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Wednesday August 13 th at 2pm EST Connecting to Grief, Connecting through Grief Webinar Series: Thank you to our sponsor.

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Presentation on theme: "Wednesday August 13 th at 2pm EST Connecting to Grief, Connecting through Grief Webinar Series: Thank you to our sponsor."— Presentation transcript:

1 Wednesday August 13 th at 2pm EST Connecting to Grief, Connecting through Grief Webinar Series: Thank you to our sponsor

2 Wednesday August 13 th at 2pm EST Connecting to Grief, Connecting through Grief Webinar Series: Thank you to our sponsor

3 When we don’t feel good, we don’t do “good”. – It’s hard to think/act in healthy ways. It’s easy to focus on comforting ourselves or coping with instant gratification in mind. – These tend to be unhealthy coping mechanisms. Sometimes feeling like “just surviving” is all we can manage. – Focus goes to work, school, family, etc.

4 Remember: Grief is a journey – not something you just “get over”. – We can Actively Move Forward (AMF) together! Have a plan set out. – 4 F’s outline. Be realistic. – Things don’t always go as we planned. Be flexible. – Self-compassion doesn’t mean letting yourself go or making excuses. It means understanding and encouraging yourself.

5 Be: – Realistic – Flexible – Compassionate – Encouraging – Supportive – Patient – Loving – Independent Don’t: – Push too hard – Assume things are alright – Tell them to get over it – “Lead” them through their grief journey – Expect them to “get better”

6 Can get pushed away or “under the rug” so individuals can deal with fast paced, busy life. – That doesn’t mean these feelings are gone. – Outsiders may see this as individuals getting over their grief. Some times people are scared to deal with them. – Many say they have dark things inside and are afraid that once they are out they won’t go away or know what to do with them.

7 Why? Unrecognized/ignored feelings can cause: – Stress – Health issues – Lack of sleep – Monkey mind They can also effect mental health issues. Dealing with feelings can actually free us to feel better, do better, and act better. A few ideas Need ways to acknowledge and cope with feelings. – Journal thoughts, memories, struggles, successes, etc. – Talking to someone – friend, family member, professional or other trusted individual. – Create something. What do you do to process and embrace your feelings?

8 Comfort can be given by “controlling” their food intake. – This can be both healthy and unhealthy, depending on choices made. It takes time and energy to think of and/or create a meal. – Grieving individuals may not have the time, energy, or motivation to do this. Grief and depressive symptoms can effect food intake. – It can sometimes reach extremes.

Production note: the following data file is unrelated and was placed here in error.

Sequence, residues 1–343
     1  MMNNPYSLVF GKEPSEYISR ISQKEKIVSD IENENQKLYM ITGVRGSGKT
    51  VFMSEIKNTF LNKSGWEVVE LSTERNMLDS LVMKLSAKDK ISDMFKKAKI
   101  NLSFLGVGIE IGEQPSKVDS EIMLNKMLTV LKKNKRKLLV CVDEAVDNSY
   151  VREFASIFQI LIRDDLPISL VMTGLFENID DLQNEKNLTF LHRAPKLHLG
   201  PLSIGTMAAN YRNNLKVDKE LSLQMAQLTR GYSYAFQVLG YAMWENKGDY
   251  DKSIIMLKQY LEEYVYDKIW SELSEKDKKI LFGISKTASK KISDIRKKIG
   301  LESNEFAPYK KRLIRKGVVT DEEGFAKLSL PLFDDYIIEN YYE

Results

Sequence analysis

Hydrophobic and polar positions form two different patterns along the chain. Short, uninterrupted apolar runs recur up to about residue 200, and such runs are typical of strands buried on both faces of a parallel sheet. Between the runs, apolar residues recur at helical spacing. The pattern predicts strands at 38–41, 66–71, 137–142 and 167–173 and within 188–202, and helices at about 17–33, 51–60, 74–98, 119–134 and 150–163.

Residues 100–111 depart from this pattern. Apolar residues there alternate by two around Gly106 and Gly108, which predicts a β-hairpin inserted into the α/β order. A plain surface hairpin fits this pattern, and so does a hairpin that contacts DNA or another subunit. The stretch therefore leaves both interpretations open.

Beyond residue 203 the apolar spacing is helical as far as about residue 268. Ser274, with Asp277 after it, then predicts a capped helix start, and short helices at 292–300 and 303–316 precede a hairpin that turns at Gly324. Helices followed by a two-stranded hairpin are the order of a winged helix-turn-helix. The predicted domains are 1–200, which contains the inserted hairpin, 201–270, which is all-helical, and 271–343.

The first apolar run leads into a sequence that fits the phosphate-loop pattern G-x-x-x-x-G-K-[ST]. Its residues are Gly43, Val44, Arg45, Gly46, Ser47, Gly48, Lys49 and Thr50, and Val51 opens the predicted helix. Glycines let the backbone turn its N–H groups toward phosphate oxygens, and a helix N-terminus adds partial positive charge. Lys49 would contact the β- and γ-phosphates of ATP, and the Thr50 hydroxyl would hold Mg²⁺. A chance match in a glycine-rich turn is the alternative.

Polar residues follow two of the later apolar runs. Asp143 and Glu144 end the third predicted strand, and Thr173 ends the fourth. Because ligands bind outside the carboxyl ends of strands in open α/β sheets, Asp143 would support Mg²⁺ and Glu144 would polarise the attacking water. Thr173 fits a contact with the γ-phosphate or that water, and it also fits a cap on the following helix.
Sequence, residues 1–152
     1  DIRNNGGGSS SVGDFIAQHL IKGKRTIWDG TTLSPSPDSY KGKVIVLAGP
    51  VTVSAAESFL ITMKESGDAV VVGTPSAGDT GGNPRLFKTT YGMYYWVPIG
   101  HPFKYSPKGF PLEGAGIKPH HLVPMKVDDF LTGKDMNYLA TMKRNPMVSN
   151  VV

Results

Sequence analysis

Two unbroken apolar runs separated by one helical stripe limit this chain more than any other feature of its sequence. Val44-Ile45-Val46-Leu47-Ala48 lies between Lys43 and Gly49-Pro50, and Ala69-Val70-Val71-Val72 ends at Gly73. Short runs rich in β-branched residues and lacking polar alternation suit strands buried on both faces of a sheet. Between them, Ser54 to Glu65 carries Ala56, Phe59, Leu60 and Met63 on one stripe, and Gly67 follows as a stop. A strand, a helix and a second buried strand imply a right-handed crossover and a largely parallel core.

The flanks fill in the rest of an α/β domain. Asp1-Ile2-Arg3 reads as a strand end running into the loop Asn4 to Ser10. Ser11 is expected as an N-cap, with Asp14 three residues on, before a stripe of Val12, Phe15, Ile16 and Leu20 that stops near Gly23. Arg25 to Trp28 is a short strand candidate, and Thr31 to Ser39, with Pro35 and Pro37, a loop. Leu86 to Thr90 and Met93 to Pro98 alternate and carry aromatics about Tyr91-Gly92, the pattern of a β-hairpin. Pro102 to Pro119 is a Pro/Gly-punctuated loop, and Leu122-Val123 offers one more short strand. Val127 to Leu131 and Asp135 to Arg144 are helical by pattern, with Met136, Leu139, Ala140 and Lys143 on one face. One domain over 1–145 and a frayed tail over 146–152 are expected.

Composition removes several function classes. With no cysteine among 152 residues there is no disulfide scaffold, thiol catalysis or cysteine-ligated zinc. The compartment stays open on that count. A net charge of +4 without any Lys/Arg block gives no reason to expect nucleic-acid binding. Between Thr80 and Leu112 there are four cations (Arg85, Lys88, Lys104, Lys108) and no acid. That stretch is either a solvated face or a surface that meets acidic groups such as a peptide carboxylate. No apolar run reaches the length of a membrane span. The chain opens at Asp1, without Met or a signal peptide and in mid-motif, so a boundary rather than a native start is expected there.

9 Why? Food is nourishing to our bodies and minds. – Malnourishment can effect: Strength Motivation Brain function Bodily functions Balancing out comfort food and healthy food can create a healthier mind set. A few ideas Create a healthy relationship with food: – Cook/bake as a healthy coping skill. – Plan meals in advance Look for ideas on internet, Pinterest, cookbooks, etc. – Make plans with friends or family. – Ask yourself if you are eating for hunger or eating emotionally? What can you do to improve your relationship with food?

10 Working out takes energy and motivation. – Many know that the more you work out, the more energy you have, but starting to work out in the first place can be difficult. – Grief may increase a sedentary life style. Some may feel “too weak” to work out. – Feelings of physical weakness due to grief is normal. Over-exercising can be an issue too. – Some individuals feel the need to “work it out” and exhaust themselves until they can’t do it anymore.

11 Why? Exercise has so many benefits: – Improves brain function. – Helps regulate systems in the body. – Raises self-esteem. Exercise can also help us to process emotional issues. It can also turn into a social activity. – Fitness classes, community runs, being with friends, etc. A few ideas Be fit for you: – Exercise with a friend or family member. – Think outside the box. – Don’t overdo it – start slowly. Something is better than nothing. – Make small healthy choices – stairs instead of the elevator. What will you do for your fitness today?

12 This can be so easily overlooked. There are so many pressures and expectations in life. – Fun becomes something to schedule, something that takes money, or is too much “work” to do. Sometimes individuals may have too much fun and ignore responsibilities – this is usually a way to ignore difficult times. – Alcohol, recreational drugs and risky behaviors are sometimes used to “diminish” effects of grief – which is a myth.

13 Why? We can learn from children – they take grief breaks. – They can’t be constantly bogged down in grief. Most take a grief break so they can feel like a kid and play. Doing something fun can help us to deal with difficult times. – We can be more resilient when we allow ourselves permission to have fun. A few ideas Gage your fun: – Little things Watching a great movie Going out to eat Creating something – Bigger things Try something new Plan a trip Change things up What fun things are you going to plan?

14 Plan ahead: Find a time or times you feel good and plan for the harder times. – During hard times, it’s even more difficult to think of good, healthy, or fun things. Write these ideas down. – Make it as simple as possible. Keep this information as accessible is possible. Set yourself up for success. – Don’t push things too much, plan things that you know you can/will do. You can always create a new one in the future.

15 Please remember that if you don’t wish to talk in front of the group, you can use the chat box at the bottom of your screen to chat to the group or to Kiri personally.


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